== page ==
Wednesday, 13 October 2010

Mortgage bomb.

If there is any truth in this (spotted via AngryTeen) then there just aren't enough fans in the world to cope with the faecal typhoon to come.

This is deep economics, way out of my league. Anyone know?

11 comments:

apocalypse nowish said...

Yes it is true, albeit the story doesn’t stop there. I’ve covered most of this and other trickery on my blog, and frankly it takes too long to explain it properly in a couple of short sentences. One interesting fact about it is that derivates also evolved from this and similar scams. There are about $50-100 trillion “worth” of derivatives out there spread around the globe, with nothing to back them up. Nothing. So when housing and commercial real-estate in the US crashes, and it will, it will have very serious impact everywhere. But, again, it doesn’t stop there. We have money printing into the extreme, Debt Mountains going for the moon, and lots of other fun things. Basically, we’re looking at the Greatest Depression of all time, and there’s absolutely nothing they can do about it.

We live in a time when life as we know it is about to change, completely.

And remember what happened the last time we had a, in comparison much smaller, depression?

Some tips on further reading about this particular problem can be found: http://market-ticker.org/

Or: http://watch.bnn.ca/#clip359769

Chris said...

I've wondered for a while now when the other shoe was going to drop. The US banking system 1) failing to adhere to basic chain of title requirements and 2) running document forgery scams to cover this up might just be the final "The emperor has no clothes!" moment for the sclerotic banking system.

John Ward at NBY Slog would normally be my go-to guy for this kind of deep mojo, but he's on an indefinite break atm.

Mark Wadsworth said...

It's not deep economics at all. It's a simple choice:

We either

a) keep bailing out the banks and trying to prop up house prices, which costs taxpayers £3 for every £1 of gain made somewhere else, or

b) we let house prices tumble, sort out a bit of social housing for the evicted and let banks sort themselves out via debt for equity swaps.

That's a democratic decision to be taken by a majority. So far, the majority is voting firmly for (a).

Freddie said...

The mortgage timebomb in the US came about mainly due to the repackaging of mortgages and then selling them on to banks who were stupid enough to buy them. Basically these toxic 'ninja ' mortgage loans ( no job no income no assets) were rushed through so the advisors could make a killing on a market that was 'always rising'.
Investors were sold a few good mortgages but thousands of toxic mortgages mixed in with them. All packaged together as a 'mortgage backed security' product.
So these products sat in banks as 'assets'. But of course as the homeowners began to default these 'assets' became worthless - hence the crash.
Now we get to the crux of the new timebomb. Unfortunately when the mortgages were bundled together the actual owners of the mortgage deeds got lost. The packaging was done by computers rather than the old fashioned visit to the bank and all done slow time with quill pens etc.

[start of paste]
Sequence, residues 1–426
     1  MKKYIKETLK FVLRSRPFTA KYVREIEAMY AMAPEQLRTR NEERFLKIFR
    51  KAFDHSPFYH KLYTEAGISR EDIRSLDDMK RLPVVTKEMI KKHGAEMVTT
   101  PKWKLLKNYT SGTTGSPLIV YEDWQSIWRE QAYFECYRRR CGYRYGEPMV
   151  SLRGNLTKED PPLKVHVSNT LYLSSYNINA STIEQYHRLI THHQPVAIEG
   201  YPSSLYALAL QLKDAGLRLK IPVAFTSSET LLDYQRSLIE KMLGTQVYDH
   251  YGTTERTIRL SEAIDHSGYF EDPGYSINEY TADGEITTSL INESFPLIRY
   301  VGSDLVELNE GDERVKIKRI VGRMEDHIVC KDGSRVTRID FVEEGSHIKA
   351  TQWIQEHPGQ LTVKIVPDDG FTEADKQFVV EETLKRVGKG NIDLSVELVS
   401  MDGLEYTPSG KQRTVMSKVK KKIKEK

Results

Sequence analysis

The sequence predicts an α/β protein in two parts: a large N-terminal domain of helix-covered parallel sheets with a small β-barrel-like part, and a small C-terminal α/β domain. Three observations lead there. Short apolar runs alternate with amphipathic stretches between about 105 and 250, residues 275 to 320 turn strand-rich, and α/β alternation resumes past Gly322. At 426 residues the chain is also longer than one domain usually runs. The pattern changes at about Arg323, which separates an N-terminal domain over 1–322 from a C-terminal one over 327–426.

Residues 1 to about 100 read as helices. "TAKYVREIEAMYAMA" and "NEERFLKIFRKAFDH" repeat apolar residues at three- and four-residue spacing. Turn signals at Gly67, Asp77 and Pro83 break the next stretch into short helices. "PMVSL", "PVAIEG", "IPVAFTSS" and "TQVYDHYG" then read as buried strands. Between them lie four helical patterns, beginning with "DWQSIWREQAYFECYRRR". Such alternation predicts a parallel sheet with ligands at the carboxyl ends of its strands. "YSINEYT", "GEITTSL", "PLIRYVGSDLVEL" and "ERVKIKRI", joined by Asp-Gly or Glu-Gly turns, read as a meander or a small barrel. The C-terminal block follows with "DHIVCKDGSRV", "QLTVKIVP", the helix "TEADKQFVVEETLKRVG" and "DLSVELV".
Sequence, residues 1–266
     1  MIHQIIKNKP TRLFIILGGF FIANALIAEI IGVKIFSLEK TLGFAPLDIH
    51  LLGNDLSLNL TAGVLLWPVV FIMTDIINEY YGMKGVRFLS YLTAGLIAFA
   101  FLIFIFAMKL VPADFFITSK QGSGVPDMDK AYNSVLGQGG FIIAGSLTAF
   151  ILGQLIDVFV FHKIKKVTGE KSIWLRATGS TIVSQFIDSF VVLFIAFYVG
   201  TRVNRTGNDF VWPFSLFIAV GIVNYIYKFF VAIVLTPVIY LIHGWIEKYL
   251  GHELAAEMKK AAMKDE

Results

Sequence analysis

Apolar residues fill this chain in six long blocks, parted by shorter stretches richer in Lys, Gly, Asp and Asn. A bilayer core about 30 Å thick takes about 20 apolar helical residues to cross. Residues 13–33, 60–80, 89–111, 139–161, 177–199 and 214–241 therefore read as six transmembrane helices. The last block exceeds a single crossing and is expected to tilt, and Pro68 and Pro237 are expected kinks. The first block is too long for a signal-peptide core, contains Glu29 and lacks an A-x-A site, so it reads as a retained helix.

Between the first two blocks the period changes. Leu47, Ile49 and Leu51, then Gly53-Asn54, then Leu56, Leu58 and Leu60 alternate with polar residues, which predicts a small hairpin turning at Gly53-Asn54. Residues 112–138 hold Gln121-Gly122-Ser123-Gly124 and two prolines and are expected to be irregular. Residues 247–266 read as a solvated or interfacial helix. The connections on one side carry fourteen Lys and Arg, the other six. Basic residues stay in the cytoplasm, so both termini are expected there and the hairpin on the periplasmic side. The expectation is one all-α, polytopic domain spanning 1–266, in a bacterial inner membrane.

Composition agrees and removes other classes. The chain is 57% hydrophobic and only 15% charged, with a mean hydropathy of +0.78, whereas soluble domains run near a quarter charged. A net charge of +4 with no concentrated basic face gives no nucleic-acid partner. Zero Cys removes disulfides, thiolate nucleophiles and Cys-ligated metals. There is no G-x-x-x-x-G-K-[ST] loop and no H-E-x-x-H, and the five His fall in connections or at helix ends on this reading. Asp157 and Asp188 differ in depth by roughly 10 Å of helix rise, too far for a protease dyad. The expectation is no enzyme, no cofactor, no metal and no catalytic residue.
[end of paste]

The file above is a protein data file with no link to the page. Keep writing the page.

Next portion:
So the 'homeowners are being allowed to stay in their homes ( after numerous court rulings) and the banks are banned from foreclosing because no one knows who owns the deeds to the house.
This makes the mortgage backed securities worthless rather than just half value ( or whatever the house is now worth).
Hence new problem :)
Oh another minor problem was the type of loan. A 'front end loan'. The homeowner got low interest rates for 3 years then they went skyhigh. Like from $300 a month to $2,000 a month in some cases. The thinking was that the homeowner could just sell the house and repay the loan to the bank. The bank cleverly thinking they could sell it on and then make a bigger killing.

PJA said...

Not deep economics at all. Simply everything fucked up.

Prepare for the great write off.

Leg-iron said...

So... if the mortgage company can't produce the paper I signed saying I'd pay, I don't have to pay?

That's even more lunatic than this.

I promise to pay the bearer on demand these magic beans said...

Not exactly "deep economics" more like deep fraud, for better insight go read zero hedge blog.

I have no idea how scots law works but essentially as I understand it you are correct. In fact if you read back a couple of days ago at zero hedge that is precisely what he was counselling US mortgage holders to do.

Freddie said...

" So... if the mortgage company can't produce the paper I signed saying I'd pay, I don't have to pay?"

At the moment that's correct in all 50 US states. There has been a break in the chain of ownership of the mortgage loan. This break happened when the mortgage got budled together in an investment package ( mortgage backed security).
O'Blimey is dithering over the issue and this is prolonging the agony. The electronic mortgage system has been dumped by most big banks and now we have about $10tr (sic) worth of mortgages that need to be sorted out and tidied up.
It might not be sensible to just stop paying the mortgage as govts tend to bring in 'emergeny' measures to fix the problem. That will probably be the case again here. The banksters will walk away scot free and homeowners will be shafted again.